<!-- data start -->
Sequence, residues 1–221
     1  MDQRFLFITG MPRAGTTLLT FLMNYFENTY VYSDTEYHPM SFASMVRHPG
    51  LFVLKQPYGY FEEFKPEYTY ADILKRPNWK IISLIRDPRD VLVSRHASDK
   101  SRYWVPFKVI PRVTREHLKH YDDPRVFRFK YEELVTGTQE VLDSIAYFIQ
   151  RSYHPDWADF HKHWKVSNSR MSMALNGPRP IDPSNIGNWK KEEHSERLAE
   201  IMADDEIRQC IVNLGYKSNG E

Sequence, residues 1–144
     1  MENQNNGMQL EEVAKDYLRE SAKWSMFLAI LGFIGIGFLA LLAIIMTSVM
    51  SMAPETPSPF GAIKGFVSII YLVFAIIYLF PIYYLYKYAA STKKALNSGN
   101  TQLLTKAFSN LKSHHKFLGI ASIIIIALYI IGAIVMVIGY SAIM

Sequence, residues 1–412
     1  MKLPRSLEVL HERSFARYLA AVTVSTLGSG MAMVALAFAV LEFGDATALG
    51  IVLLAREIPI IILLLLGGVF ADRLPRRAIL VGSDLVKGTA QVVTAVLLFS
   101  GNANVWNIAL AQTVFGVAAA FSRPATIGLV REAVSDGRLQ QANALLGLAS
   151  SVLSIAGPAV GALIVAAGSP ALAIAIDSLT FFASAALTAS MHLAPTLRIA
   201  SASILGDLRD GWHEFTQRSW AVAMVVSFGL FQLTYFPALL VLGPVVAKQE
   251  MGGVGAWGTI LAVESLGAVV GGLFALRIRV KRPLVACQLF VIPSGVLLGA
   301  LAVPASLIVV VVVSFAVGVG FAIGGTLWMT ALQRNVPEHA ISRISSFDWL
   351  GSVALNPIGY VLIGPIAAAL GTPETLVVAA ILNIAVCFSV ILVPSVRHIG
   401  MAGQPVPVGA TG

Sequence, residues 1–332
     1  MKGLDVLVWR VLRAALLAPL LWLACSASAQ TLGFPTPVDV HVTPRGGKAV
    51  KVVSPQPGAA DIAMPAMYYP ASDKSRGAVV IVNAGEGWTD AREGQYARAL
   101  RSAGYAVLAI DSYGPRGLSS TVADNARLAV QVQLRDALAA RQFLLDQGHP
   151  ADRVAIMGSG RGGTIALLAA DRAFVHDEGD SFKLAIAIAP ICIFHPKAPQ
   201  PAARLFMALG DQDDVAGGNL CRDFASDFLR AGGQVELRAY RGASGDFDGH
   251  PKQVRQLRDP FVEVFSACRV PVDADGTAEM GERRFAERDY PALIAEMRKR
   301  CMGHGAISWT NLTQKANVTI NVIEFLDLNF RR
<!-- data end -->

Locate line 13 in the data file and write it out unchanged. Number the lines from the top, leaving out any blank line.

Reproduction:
    51  IVLLAREIPI IILLLLGGVF ADRLPRRAIL VGSDLVKGTA QVVTAVLLFS